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Friday, November 17
Polish and Swedish FMs Reiterate Support for Georgia’s European Integration

(TBILIS) – Speaking to reporters while on a joint visit to the Georgian capital Tbilisi, the foreign ministers of Poland and Sweden reiterated their support for Georgia’s European integration process and the country’s reform efforts.

Poland’s Witold Waszczykowski and Margot Wallstrom of Sweden held talks with the Georgian leadership and civil society representatives on November 14.

The visit came less than two weeks before the European Union’s Eastern Partnership summit in Brussels, where Tbilisi expects strong messages of support for its European aspirations.

Waszczykowski and Wallstrom spoke on behalf of their two countries’ leadership, saying that strong political support exists for Georgia’s drive to integrate with the West, but stressed that the Georgian government needs to continue working on comprehensive reform programs aimed at curbing corruption and strengthening civil society.

Speaking at a joint news conference after meeting with Foreign Minister Mikheil Janelidze, Waszczykowski expressed his hope that the EaP Summit declaration would be satisfactory to Georgia, since it “offers the prospect of closer ties with the European Union.”

“Of course, we would prefer to offer you full EU membership, but as you know, due to the complicated situation and fatigue in the European Union, it is not possible right now,” said Waszczykowski. “But we keep our fingers crossed for your (future) membership.”

Waszczykowski also declared that Poland would “never recognize” the violation of Georgia’s sovereignty and territorial integrity. “You can count on us as a future member of the Security Council of the United Nations.”

In her remarks at the press conference, Wallstrom also reiterated her support for Georgia’s reform efforts and pledged to remain “a firm supporter” of its European aspirations.

“As a progressive member of the Eastern Partnership, Georgia inspires democratic reforms and the fight against corruption in the region,” she noted, but added that the country would need “hard work in the years ahead” to fully implement the EU’s Association Agreement and to “further strengthen” its institutions.

Wallstrom noted that the two countries “have high expectations” for Georgia. “There are areas where we would like to see even more vigorous efforts: judiciary reform, a greater gender balance in political decision-making and more media freedom.”

Asked whether the wording of the Brussels Summit declaration was disappointing in terms of Tbilisi’s EU membership aspirations, Janelidze said there was “no room for any disappointment.”

“Georgia is doing all these reforms for itself and doing it for its own citizens…to make Georgia a truly European state,” said Janelidze.

He, noted, however, that the country was looking forward to being recognized for its hard work and lead to “the ultimate goal of becoming a full-fledged member of the European Union.”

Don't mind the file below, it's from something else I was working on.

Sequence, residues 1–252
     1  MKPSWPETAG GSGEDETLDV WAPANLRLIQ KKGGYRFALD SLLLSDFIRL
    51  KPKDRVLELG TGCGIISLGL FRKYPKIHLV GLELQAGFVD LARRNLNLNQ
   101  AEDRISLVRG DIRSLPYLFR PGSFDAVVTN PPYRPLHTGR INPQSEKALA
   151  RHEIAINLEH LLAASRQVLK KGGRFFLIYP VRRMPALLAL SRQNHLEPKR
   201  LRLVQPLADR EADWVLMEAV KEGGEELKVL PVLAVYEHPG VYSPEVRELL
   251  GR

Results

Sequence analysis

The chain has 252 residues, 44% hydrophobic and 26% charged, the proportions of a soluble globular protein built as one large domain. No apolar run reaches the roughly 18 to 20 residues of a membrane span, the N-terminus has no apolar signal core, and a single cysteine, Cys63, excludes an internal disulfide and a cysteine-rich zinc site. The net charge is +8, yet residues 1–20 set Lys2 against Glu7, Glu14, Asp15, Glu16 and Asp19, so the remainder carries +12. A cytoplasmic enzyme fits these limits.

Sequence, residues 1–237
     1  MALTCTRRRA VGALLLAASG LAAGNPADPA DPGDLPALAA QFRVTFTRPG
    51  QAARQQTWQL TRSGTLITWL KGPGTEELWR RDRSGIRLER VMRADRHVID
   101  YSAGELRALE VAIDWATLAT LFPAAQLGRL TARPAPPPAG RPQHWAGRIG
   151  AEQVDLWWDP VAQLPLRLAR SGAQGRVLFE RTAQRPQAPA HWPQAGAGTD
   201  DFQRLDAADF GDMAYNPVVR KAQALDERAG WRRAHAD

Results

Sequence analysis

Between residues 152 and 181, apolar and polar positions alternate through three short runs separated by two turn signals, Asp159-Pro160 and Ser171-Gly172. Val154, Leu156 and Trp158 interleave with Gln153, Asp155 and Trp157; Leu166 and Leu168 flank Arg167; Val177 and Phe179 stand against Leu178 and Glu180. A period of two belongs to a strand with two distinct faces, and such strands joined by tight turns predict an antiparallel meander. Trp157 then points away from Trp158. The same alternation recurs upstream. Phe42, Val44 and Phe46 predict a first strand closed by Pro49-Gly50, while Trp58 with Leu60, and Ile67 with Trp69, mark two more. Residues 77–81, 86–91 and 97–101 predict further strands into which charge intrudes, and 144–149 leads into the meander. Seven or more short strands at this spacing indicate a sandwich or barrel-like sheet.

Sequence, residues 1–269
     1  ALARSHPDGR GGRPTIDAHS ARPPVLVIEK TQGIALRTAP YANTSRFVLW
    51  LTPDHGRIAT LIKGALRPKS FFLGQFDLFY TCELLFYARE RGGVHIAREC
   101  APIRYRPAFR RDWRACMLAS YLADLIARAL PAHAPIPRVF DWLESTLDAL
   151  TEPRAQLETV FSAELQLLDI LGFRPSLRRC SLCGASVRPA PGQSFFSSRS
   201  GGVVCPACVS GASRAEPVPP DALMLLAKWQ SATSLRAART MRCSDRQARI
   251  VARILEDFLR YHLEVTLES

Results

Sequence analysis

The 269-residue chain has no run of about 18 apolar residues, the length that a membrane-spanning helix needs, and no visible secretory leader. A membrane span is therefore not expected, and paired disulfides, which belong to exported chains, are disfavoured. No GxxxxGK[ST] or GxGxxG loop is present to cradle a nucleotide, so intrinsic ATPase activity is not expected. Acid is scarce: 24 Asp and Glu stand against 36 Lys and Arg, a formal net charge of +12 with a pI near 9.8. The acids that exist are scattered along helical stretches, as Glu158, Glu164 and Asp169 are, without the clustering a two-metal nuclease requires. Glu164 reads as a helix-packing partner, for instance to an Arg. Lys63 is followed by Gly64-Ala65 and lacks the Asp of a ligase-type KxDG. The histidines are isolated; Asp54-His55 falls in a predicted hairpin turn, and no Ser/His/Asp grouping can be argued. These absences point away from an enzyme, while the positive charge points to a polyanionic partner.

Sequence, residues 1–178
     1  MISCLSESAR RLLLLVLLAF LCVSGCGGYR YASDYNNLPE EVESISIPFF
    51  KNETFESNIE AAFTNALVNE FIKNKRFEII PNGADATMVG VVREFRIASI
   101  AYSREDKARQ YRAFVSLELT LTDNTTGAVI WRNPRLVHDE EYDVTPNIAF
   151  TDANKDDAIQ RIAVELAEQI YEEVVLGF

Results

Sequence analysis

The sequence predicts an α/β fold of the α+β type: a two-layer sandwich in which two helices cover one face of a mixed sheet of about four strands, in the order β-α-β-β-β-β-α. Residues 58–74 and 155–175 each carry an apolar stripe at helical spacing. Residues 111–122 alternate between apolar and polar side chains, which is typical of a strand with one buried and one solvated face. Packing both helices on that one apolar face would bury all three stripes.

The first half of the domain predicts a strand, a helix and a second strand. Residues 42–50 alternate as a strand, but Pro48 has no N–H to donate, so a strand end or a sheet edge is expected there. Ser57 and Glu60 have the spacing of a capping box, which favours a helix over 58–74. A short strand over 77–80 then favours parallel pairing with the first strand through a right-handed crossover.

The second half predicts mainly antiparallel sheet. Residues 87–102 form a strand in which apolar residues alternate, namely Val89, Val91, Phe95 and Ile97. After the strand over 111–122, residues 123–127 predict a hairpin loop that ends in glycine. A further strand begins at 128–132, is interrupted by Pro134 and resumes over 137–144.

As part of their visit to Tbilisi, Waszczykowski and Wallstrom met with President Giorgi Margvelashvili and Prime Minister Giorgi Kvirikashvili. They also met with officials from the European Union’s Monitoring Mission in Georgia and accompanied a patrol to the Georgia-South Ossetia contact line. (

Architects, Urban Planners Try to Re-imagine Tbilisi’s Soviet-Era Buildings

(TBILISI) – After spending parts of eight decades as one of the Soviet Union’s 15 republic capitals, Tbilisi grew rapidly in the second half of the 20th century, extending far beyond its medieval boundaries to cover more than 720 square kilometers of space.

From the 1950s to the early 1990s, Tbilisi’s skyline was increasingly filled with grim, utilitarian Soviet blocks, the likes of which one regularly sees in cities as far afield as Moscow, Kyiv, Minsk, Baku and Tashkent.

These low-cost, concrete-paneled buildings are known for their drab appearance, roach infestations and general lack of upkeep. Designed to fulfill Marxism–Leninism’s promise of standardized housing and educational facilities for all Soviet citizens.

Tbilisi’s Soviet-era architecture is commonplace outside the historical city center, mainly in areas where the vast number of foreign visitors never bother to see. Most of the buildings are dilapidated and rapidly decaying having been in use years after their planned 25-year lifespan.

With many of the buildings in desperate need of repairs, a series of public lectures at the National Scientific Library by architects, urban planners and preservationists will begin in the Georgian capital aimed at formulating a general plan for creating a sustainable future for Tbilisi’s Soviet-era buildings.

The lectures will focus on determining the role of Soviet architecture and its legacy in the life of contemporary Tbilisi. The participants hope to discuss the fate of a large complex that housed the former Industrial Pedagogical Tekhnicum, a type of vocational school that was popular during the Soviet period.

The complex is a prime example of Socialist modernist architecture, and its fate will be part of a wider discussion on the possible adaptation and development of the era’s numerous structures in the city.

Led by Claudio Vekstein from the US’ Herberger Institute for Design and the Arts, the event will look into the historical, economic, cultural and political impact that preservation plan would have on the city, with a particular emphasis on large complexes similar to the former pedagogical college.

The three-day workshop will conclude on Sunday. (